From Massachusetts Economic Development Guide 2023-24

Gateway Cities Enjoy Elevated Status

Gateway Cities
Lowell, Massachusetts, known as the cradle of the industrial revolution , today is a vibrant city with a thriving arts scene, cobblestone streets, and a bustling downtown.
Photo: Getty Images

by Ellen Berman

 strong labor force. Comprehensive infrastructure. Transit access. Affordable housing. Diverse culture. A relaxed lifestyle. Each of Massachusetts’ 26 Gateway Cities offers an abundance of rich amenities, purposefully designed to attract commercial ventures.

Defined by the legislature, Gateway Cities are small to midsized cities in Massachusetts that anchor regional economies around the state. Each city — with a population between 35,000 and 250,000 — is distinct with its own local governance, but they have mounted a concerted push to revitalize their downtown areas and provide experiences that will support their highly skilled workers and their families. MassDevelopment, along with other statewide agencies, is devoted to advancing Gateway Cities through special financing, real estate solutions and other resources. MassDevelopment’s Transformative Development Initiative helps local partners create and manage change.

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Barnstable at sunset looks over Cape Cod Bay.

Photo: Getty Images

“These Gateway Cities are home to a highly prepared and eager workforce, along with logistical attributes that make locating a business there so attractive,” says Noah Koretz, director of Transformative Development at MassDevelopment. “They are in a part of the U.S. that is generally extremely expensive for housing and commercial development, yet as a whole the Gateway Cities provide great urban amenities at a fraction of the cost that you find in Boston.” 

He adds that “the workforce market is very competitive right now, and lifestyle amenities are critical for attracting and retaining a quality workforce. We’ve heard from potential investors who are interested in locating near a vibrant downtown environment to make it easier to obtain willing workers there. It’s not only about logistics, but about attracting a really strong workforce.”

The historic architecture in these downtown areas serves as an inviting backdrop to newly opened restaurants, authentic retail establishments and more. On top of these lifestyle amenities, businesses can benefit from Gateway Cities’ proximity to higher and vocational education, public transit, highway-accessible harbors, rail yards, pad-ready real estate and affordable municipal services such as water and wastewater. Meanwhile, named for their history of serving as a “gateway” for many immigrants entering Massachusetts, Gateway Cities are home to diverse, hardworking and highly skilled populations.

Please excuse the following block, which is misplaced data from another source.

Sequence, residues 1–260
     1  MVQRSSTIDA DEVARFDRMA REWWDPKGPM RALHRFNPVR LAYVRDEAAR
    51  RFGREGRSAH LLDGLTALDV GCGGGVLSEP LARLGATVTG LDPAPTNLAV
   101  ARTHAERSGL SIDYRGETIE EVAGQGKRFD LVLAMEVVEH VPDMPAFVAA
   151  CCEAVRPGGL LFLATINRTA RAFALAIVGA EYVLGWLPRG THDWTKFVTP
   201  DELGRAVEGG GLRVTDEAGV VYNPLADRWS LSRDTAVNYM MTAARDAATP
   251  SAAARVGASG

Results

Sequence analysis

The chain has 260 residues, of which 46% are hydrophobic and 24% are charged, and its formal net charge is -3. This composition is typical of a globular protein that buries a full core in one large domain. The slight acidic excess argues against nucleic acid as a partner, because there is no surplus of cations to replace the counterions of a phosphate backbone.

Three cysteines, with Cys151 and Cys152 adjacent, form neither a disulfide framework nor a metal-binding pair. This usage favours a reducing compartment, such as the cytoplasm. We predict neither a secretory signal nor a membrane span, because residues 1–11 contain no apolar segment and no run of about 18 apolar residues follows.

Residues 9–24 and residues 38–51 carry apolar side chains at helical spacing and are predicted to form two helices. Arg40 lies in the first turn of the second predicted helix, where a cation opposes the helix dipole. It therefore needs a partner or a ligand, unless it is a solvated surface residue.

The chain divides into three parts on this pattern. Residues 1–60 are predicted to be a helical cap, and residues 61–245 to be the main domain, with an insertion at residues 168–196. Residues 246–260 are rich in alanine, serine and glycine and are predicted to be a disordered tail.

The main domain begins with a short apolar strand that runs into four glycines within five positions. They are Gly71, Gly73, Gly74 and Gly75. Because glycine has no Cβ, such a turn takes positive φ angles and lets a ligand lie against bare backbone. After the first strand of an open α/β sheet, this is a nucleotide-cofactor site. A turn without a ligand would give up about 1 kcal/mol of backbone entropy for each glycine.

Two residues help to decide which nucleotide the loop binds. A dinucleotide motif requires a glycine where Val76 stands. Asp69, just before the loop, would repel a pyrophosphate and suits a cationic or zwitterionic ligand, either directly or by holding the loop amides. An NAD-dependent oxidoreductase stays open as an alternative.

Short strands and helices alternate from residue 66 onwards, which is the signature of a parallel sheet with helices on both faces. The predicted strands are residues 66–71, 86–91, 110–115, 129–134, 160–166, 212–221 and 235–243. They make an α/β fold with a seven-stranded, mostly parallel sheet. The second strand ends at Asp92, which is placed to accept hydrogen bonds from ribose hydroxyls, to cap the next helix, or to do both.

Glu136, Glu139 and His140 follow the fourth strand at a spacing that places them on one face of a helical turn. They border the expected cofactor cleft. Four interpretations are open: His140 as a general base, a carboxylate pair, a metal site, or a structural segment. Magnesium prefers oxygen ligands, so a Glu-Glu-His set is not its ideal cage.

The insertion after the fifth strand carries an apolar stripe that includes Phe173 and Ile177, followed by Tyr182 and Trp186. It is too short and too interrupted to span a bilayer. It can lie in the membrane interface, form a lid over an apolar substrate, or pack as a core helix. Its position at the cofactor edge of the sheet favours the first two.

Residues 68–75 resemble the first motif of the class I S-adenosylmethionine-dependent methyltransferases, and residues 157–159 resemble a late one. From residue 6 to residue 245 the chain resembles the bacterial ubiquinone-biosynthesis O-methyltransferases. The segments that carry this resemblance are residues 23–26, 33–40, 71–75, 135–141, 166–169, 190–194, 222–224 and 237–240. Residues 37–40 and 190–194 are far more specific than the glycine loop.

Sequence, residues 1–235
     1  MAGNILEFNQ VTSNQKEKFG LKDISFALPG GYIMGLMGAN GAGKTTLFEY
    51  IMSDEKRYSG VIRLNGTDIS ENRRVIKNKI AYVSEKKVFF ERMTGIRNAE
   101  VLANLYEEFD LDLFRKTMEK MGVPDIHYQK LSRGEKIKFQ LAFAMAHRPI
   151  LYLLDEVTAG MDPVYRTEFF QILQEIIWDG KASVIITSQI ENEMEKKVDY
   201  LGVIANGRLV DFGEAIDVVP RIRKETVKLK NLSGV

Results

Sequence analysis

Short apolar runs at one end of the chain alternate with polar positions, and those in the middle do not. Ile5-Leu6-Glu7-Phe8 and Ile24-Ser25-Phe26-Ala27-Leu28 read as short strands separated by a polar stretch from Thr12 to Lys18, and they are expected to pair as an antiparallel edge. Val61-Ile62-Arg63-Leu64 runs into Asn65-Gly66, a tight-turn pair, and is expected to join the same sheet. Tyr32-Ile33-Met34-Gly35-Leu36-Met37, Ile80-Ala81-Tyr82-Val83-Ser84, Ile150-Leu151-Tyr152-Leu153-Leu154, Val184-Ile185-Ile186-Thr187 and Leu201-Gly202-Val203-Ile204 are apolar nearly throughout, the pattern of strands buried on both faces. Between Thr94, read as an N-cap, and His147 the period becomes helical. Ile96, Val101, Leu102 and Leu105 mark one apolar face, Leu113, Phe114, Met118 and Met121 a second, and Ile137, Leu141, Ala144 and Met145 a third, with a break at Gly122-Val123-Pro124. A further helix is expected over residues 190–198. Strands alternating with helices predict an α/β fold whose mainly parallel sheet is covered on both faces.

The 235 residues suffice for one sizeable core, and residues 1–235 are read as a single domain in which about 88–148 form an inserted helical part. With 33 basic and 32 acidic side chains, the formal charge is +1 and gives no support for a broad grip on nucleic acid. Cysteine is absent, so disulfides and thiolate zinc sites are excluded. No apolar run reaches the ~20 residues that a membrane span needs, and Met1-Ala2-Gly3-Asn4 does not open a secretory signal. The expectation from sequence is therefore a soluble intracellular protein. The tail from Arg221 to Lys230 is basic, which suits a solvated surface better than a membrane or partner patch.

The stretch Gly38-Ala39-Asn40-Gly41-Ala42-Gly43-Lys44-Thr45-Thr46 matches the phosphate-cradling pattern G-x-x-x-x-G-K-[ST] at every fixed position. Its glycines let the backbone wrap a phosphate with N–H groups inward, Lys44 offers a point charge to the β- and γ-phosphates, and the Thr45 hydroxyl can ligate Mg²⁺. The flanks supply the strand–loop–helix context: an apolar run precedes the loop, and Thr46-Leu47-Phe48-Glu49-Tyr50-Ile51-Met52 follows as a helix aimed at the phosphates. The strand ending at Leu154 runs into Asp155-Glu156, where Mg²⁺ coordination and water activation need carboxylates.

There is a natural synergy between Massachusetts’ Gateway Cities and its capital city of Boston. Space is at a premium in Boston, so a manufacturer could easily take advantage of business and technology connections there while conducting manufacturing operations in a Gateway City. This is what Lightspeed Manufacturing did. The company is heavily involved in prototyping cutting-edge, specialty automation equipment such as printed circuit boards, and needs space to build and test its products. From its Haverhill, Massachusetts, headquarters, it maintains close ties with Boston-based MassChallenge, a top global startup accelerator.

Still, Gateway Cities don’t necessarily have to rely on Boston’s knowledge and skill base. Worcester, for instance, boasts a booming economy with a biomanufacturing and life sciences hub, supported by a stream of talented graduates from several local colleges to meet the needs of expanding industries.

This is fitting because, as Koretz puts it, “eds and meds” are major drivers of the state’s economy.

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Many of the 26 Gateway Cities thrived during the heyday of the industrial era. Their legacy companies are now seeking to grow and innovate, repurposing infrastructure to invite investments in large-scale operations while also tapping into the state’s robust entrepreneurial ecosystem. Mill-era industrial space, for example, is famously flexible for adaptive reuse for both housing and new types of commercial uses — and at a comparatively affordable price.

MassDevelopment offers businesses financial assistance through loans, bonds, equipment financing, export guarantees, district improvement financing, state grant programs for underutilized properties and site preparation, and more. Because MassDevelopment offices are embedded in the communities, with regional offices that stay connected to local governments, they have their ears to the ground to smooth the way for site selection and any stage of development. 

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Downtown Worcester, Massachusetts

Photo: Getty Images

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